Correction Officer: How Do I Become a Correctional Officer

Learn how to become a correctional officer. Research the education and career requirements, training information and experience required for starting a career as a correctional officer.

Do I Want to Be a Correctional Officer?

Correctional officers oversee and are responsible for the persons who have been incarcerated in a correctional facility or are awaiting trial in county, state or federal prisons. Their duties include enforcing rules, supervising inmates, inspecting jail cells and reporting inmate behavior. Correctional officers also maintain safety and security by preventing fights and enforcing rules. Potential danger from confrontations with inmates and exposure to contagious diseases may cause considerable job stress.

Job Requirements

A high school diploma is required for all correctional officer jobs; however, some employers, such as federal prisons, also require either work experience or college education. In many cases, new correctional officers will need to complete training that's based on the American Correctional Association's guidelines. The table below summarizes the requirements to work as a correctional officer.

Common Requirements
Degree Level High school diploma; associate's or bachelor's degree preferred or required in some cases*
Degree Name Any field**
Experience A few years of related experience may be required**
Key Skills Good judgment, decision-making and negotiation skills, self-discipline and interpersonal skills
Additional Requirements Drug free,** at least 18, no felony convictions, citizen or permanent resident of the U.S., physically strong*

Sources: *U.S. Bureau of Labor Statistics, **job postings from (August 2012).

Step 1: Earn a College Degree

While the minimum educational requirement to become a corrections officer is a high school diploma, some facilities will prefer or require that applicants have some post-secondary education. A degree is typically required for those without experience, but optional for those who have it. Although some employers accept graduates from any field, prospective corrections officers may consider enrolling in either an associate's or bachelor's degree program in corrections or criminal justice. Students who want to pursue employment at the federal level will need to earn a bachelor's degree if they don't have at least 3 years of applicable experience. Both associate's and bachelor's degree programs cover topics like criminal law and behavior, firearms, criminal psychology, behavior management and legal evidence.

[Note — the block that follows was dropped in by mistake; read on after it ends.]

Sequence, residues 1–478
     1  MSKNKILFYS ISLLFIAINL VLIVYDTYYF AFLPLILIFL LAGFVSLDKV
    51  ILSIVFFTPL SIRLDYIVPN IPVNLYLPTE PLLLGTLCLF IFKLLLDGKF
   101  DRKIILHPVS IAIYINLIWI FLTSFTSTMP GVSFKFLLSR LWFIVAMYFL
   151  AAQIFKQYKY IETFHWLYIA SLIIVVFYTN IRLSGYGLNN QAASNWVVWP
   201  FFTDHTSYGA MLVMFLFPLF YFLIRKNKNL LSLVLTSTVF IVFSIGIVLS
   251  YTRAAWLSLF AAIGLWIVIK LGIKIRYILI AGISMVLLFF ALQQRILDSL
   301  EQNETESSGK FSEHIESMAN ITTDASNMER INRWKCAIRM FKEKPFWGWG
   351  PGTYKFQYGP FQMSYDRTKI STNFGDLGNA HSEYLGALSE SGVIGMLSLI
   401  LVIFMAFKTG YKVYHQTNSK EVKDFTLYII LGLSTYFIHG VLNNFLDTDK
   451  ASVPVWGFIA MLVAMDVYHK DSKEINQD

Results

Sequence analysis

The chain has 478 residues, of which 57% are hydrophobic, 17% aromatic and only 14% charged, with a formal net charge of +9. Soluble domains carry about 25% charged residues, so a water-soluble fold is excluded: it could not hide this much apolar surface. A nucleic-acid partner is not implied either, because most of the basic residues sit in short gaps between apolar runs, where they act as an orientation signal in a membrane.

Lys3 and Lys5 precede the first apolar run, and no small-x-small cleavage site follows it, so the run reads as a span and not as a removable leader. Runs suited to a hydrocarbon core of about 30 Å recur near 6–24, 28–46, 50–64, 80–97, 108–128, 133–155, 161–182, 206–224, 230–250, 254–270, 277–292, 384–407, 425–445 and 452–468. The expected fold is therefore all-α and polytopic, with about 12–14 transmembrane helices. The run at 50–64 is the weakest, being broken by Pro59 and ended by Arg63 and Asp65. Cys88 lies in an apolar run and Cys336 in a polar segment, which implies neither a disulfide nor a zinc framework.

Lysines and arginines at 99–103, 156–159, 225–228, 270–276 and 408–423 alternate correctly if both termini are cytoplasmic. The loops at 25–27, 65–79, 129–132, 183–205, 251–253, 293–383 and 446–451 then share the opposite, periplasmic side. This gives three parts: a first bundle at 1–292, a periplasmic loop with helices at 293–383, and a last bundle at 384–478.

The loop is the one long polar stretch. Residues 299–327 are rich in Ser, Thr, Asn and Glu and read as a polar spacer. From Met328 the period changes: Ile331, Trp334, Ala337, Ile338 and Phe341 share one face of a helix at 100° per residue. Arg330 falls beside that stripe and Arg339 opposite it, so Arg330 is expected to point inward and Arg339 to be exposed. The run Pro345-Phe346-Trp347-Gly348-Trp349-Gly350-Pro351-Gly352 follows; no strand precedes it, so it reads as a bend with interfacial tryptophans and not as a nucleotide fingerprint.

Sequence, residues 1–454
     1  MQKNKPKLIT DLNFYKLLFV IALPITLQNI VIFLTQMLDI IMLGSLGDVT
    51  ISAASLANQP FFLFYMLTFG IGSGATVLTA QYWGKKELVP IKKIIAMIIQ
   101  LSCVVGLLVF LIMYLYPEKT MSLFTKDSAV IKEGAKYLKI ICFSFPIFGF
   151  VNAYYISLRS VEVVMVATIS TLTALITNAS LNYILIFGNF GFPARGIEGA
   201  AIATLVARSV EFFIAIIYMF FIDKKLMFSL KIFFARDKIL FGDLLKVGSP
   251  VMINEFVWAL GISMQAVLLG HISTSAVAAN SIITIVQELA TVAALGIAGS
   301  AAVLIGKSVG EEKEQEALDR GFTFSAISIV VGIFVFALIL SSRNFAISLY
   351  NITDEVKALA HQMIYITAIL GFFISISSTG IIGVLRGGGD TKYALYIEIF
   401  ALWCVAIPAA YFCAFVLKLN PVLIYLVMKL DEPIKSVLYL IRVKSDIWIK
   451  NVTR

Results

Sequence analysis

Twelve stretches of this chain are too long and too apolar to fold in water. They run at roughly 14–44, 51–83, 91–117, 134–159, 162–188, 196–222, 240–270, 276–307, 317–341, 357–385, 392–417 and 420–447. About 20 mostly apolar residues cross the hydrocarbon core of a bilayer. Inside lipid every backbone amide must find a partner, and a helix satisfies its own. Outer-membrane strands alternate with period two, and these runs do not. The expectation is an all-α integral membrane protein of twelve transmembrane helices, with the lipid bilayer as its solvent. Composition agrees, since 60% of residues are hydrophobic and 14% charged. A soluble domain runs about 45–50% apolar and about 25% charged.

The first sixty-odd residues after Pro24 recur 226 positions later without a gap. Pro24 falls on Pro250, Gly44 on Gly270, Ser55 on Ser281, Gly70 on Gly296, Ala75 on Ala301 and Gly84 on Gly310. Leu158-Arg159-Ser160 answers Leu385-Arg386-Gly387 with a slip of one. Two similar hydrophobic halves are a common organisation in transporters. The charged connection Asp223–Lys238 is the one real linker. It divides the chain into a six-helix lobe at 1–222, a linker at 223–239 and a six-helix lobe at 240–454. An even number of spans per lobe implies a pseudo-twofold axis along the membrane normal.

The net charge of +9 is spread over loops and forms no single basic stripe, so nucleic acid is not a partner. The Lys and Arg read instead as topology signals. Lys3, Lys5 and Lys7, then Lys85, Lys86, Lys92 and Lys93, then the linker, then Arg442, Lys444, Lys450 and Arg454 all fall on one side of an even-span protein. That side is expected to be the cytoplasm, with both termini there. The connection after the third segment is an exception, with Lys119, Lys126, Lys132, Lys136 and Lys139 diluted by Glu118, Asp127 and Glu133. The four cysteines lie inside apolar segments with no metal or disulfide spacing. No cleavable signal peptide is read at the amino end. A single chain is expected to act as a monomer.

Success Tips

  • Get in shape. According to the U.S. Bureau of Labor Statistics (BLS), it's important that prospective correctional officers get into good physical condition. Workers in this field must be strong enough to subdue or move inmates.
  • Complete an internship. Students who are currently enrolled in a corrections degree program can participate in an internship at a corrections facility. This is an opportunity for students to ensure that they want to pursue a career in corrections and get a feel for what prison work is like.

Step 2: Complete Corrections Training

Before working in a corrections facility, corrections officers usually complete a training program at a regional or state academy. Completing this program ensures that corrections officers understand the regulations, guidelines and operations established by the American Correctional Association. In addition, correctional facilities generally provide on-the-job training to teach new officers about self-defense and the safe use of firearms. According to the BLS, federal corrections officers must complete 200 hours of formal, on-the-job training. They must also complete refresher training throughout their careers.

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